Loving Books

A Shelf Half-Full is Not Enough

by Kathy Coogan

Last week I spent a day in the catacombs of our basement creating piles of Keep, Toss or Give Away. We have only been in this house for seven years and had been surgical in deciding what to bring here then. But alas, that stuff had mated and multiplied and been joined by new arrivals to the cave.

There were lots of easy decisions to be made: haven’t ice-skated in fifteen years – OUT damn skates! The bedspreads and quilts that had been replaced by nicer long ago – BEGONE! The lamp-less shades and the shade-less lamps – OFF WITH YE.

Picture-less frames and frame-less pictures would be happier in someone else’s gallery. Fabric remnants from three couches ago would inspire a quilt-maker or a bohemian. Baby accoutrement that I couldn’t part with way back when seemed dispensable now.

With each item released, I felt lighter, neater, smarter even prettier. I felt generous, efficient and productive.

Until I came to the collections of books. Oh, beloved Dick Francis and his steeplechase mysteries. Dean Koontz - scary and smart. James Herriot's endearing English Dales country veterinarian, just gory enough. 1950’s John D. MacDonald’s Travis McGee who solved dilemmas from his Florida houseboat between bedding nymphettes for their own good.

Anne Tyler, Annie Dillard, Anne Lamott, Annie Proulx, Amy Tan. Tom Clancy, Tom Wolfe. Uris, Wouk. Parker, King, Conroy, Lehane. Complete collections of softback and hardcover contemporary fiction (or what was contemporary fiction when it was written.)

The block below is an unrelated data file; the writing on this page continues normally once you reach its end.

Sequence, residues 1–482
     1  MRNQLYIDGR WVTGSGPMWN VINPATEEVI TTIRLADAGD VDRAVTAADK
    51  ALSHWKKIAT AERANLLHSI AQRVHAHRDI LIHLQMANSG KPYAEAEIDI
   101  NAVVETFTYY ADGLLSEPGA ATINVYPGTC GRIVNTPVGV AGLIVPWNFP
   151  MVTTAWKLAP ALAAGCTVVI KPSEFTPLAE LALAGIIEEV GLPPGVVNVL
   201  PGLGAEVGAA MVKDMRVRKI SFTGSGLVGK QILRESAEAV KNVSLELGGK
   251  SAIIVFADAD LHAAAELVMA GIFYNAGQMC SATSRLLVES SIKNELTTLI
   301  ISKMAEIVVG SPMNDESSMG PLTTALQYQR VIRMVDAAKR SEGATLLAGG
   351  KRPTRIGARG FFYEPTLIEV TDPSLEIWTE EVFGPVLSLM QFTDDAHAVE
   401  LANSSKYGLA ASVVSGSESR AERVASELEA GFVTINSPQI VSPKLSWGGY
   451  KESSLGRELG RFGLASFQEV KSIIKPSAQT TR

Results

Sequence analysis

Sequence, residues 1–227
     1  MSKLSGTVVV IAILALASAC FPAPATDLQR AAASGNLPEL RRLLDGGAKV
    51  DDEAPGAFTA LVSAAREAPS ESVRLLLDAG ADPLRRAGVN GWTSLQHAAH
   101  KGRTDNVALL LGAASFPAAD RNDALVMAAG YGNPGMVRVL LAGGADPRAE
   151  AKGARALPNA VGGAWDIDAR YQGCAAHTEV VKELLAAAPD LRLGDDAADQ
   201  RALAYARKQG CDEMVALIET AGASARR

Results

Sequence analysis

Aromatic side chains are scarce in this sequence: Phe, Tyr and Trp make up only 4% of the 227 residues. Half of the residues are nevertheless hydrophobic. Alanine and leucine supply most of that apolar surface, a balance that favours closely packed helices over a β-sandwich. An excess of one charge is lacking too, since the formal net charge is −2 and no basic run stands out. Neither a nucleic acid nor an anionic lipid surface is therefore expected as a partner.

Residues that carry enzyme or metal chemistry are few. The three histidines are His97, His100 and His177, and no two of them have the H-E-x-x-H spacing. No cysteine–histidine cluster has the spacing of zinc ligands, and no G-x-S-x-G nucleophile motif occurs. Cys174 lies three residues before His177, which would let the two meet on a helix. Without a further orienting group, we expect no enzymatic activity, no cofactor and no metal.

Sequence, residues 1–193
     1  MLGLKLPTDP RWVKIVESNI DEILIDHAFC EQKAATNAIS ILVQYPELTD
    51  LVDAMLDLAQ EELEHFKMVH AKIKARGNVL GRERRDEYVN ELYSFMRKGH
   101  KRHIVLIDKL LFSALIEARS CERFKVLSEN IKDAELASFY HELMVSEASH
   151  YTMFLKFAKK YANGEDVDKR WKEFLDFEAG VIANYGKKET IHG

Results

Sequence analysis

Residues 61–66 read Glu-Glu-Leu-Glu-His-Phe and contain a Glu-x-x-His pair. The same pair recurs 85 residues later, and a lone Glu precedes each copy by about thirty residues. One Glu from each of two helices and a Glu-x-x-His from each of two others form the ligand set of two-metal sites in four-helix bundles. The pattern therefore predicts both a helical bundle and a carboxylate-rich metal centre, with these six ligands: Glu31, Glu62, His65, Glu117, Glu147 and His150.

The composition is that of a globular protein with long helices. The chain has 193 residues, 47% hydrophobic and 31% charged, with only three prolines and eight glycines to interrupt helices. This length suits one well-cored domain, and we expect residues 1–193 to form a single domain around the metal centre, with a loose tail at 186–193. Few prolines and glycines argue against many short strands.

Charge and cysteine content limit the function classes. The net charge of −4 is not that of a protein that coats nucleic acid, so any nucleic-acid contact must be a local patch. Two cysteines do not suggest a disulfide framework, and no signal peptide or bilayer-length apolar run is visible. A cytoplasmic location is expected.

I couldn’t help myself. I lifted a book at random off the shelf: Scott Turow. “Don’t open it, don’t you dare open it. There is work to be done,” I told myself. But who can hold a book and not open it? Self-control like that, I do not have. Loving books is a compelling addiction.

It was a hardback of Burden of Proof, the 1990 best-seller, one of Turow’s many. I had read it then, always a sucker for a brand new title by this lawyer-author. Sandy Stern, on page two, discovers his wife, a suicide in the garage. And off we go. Who could stop there? A colder, less curious woman than me might have snapped the cover shut and returned to her schlepping.

I instead blew a precious fifteen minutes standing, turning pages, maybe even moving my lips a little, entranced with the telling of this story. Perhaps my arms got tired from holding the book chest-high or my knees reminded me that they were in a locked position, but eventually I came up for air, sighing.

Though I remembered the bare bones of the tale, (wife dies; brother-in-law/client engages in commodities crime; children become entangled; sex and love happen to this fifty-six year old widower/lawyer; turns and twists ensnare them all), I was purely enraptured with the telling.

Before I laid the book on the table, marked at my page, I flipped through to the almost end. I remembered a glimmer of a single sentence that I knew to be important for me to re-read right now. I am in a different place than I was in 1990, the year of my first reading. The life of the reader inculcates the book with more than the author ever intended. I needed that sentence.

After thumbing and scanning, there it was. Would Scott Turow be surprised that of all the thousands of words that he had written, that these words would have import to a woman, twenty-one years later? “The cup is not half empty or half full – the concern is over how much remains.”

Churning with Turow’s story and the one that I am living with its own turns and twists, I returned to my storage room, intent on making it half-empty. The bookshelves would take someone else’s resolve to pare them, in this lifetime, from over-stuffed to neatly half-full.

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